Wieliczka – a record-breaking Polish mine
In 2016, the “Wieliczka” Salt Mine – one of the greatest tourist attractions in Poland – was visited by a record number of tourists: 1.5 million people, coming from almost 200 countries. Chapels carved in salt, sculptures, underground saline lakes and numerous traces of the exploitation of salt deposits from centuries ago make the mine, which was one of the first sites entered on the UNESCO List of Global Cultural and Natural Heritage in 1978, a must-see attraction. The visitors can do much more 100 metres underground, surrounded by salt... Dance, listen to a concert, take care of their health, eat a delicious meal, do shopping and meet the miners working underground while touring...
The “Wieliczka” Salt Mine remains one of the oldest companies in Europe, with its origin dating back to the Middle Ages. This means that the underground Wieliczka mine is older than Machu Picchu, the Taj Mahal and the Forbidden City. Following the history of the salt from Wieliczka brings us even farther back in time – around 6000 years ago, pre-historic peoples inhabiting the region were salt makers, who extracted salt from brine water springs.
In the times of old, salt was worth as much as gold, and the mine in Wieliczka was the crown jewel of Polish kings. The salt from Wieliczka was well-known and appreciated not only in Poland, and Wieliczka itself became a valuable brand far before the discovery of America by Christopher Columbus. The mine saw the first tourists in the 15th century. Over the centuries, the underground corridors were toured by many famous people, including Copernicus, Goethe, Chopin and Mendeleev. Even these days it is possible to meet kings, queens and Hollywood stars like Jim Carrey or Josh Hartnett deep below the ground.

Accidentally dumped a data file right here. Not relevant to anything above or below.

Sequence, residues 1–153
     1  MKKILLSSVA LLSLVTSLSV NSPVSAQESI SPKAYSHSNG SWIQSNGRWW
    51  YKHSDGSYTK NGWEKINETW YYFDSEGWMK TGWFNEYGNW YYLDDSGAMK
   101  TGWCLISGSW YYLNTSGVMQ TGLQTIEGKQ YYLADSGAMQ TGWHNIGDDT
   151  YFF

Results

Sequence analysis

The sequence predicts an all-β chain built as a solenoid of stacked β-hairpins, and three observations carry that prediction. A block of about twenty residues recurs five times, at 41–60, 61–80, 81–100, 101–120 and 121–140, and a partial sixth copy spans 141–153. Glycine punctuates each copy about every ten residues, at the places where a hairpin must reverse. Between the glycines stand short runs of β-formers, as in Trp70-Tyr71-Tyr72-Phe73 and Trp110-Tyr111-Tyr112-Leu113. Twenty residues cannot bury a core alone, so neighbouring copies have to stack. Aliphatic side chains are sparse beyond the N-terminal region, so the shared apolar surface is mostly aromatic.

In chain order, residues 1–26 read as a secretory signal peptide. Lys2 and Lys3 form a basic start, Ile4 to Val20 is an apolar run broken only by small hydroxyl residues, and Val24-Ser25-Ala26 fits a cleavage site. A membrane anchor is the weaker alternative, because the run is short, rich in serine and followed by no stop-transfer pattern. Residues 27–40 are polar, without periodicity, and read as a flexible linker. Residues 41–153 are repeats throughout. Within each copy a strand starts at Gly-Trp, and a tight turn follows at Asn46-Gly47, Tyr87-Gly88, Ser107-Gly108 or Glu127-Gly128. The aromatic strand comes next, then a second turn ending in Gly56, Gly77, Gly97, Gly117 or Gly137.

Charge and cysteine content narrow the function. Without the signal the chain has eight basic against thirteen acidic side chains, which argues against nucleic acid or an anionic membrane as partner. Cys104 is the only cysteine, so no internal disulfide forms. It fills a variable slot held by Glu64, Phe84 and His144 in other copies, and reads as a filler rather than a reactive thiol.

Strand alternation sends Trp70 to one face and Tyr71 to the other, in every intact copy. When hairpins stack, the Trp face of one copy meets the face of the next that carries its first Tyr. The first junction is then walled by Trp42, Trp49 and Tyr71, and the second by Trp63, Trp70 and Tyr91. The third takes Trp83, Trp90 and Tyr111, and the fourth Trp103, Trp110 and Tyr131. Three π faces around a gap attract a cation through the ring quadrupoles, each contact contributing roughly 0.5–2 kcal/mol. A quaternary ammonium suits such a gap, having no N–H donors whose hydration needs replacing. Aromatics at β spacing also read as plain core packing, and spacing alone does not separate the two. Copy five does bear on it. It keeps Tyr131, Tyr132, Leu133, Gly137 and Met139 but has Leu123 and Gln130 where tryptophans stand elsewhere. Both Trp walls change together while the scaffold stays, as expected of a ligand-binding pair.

With over 2300 chambers, 250 kilometres of corridors and 9 levels the “Wieliczka” Salt Mine resembles a mythical labyrinth with various traces and marks dating back to centuries long passed, as well as unique natural monuments, such as the Crystal Grottoes – the only known place like this, created in the Miocene salt deposit.
Open for visitors is one of the most valuable and most beautiful areas in the mine at the depth of up to 135 metres underground. Every year, over 300 events are held there – including unique happenings such as a balloon flight, bungee jumping and other remarkable feats. The Mine also held concerts, conferences, weddings and balls – and the first one was organised in Wieliczka almost 200 years ago. The “Wieliczka” Salt Mine Health Resort can also boast its 19th century tradition, as well as clean and fresh air, filled with salt aerosol brings relief in many symptoms caused by respiratory system diseases.
Despite the fact that salt is no longer mined at the “Wieliczka” Salt Mine, the site still employs many miners, who are tasked with securing the underground cultural and natural heritage. They also carry on the centuries-long mining traditions, such as carving and sculpting in salt. Every day the miners at the “Wieliczka” Salt Mine write another page of the history, which has run uninterruptedly for seven centuries. You can find out more at: www.wieliczka-saltmine.com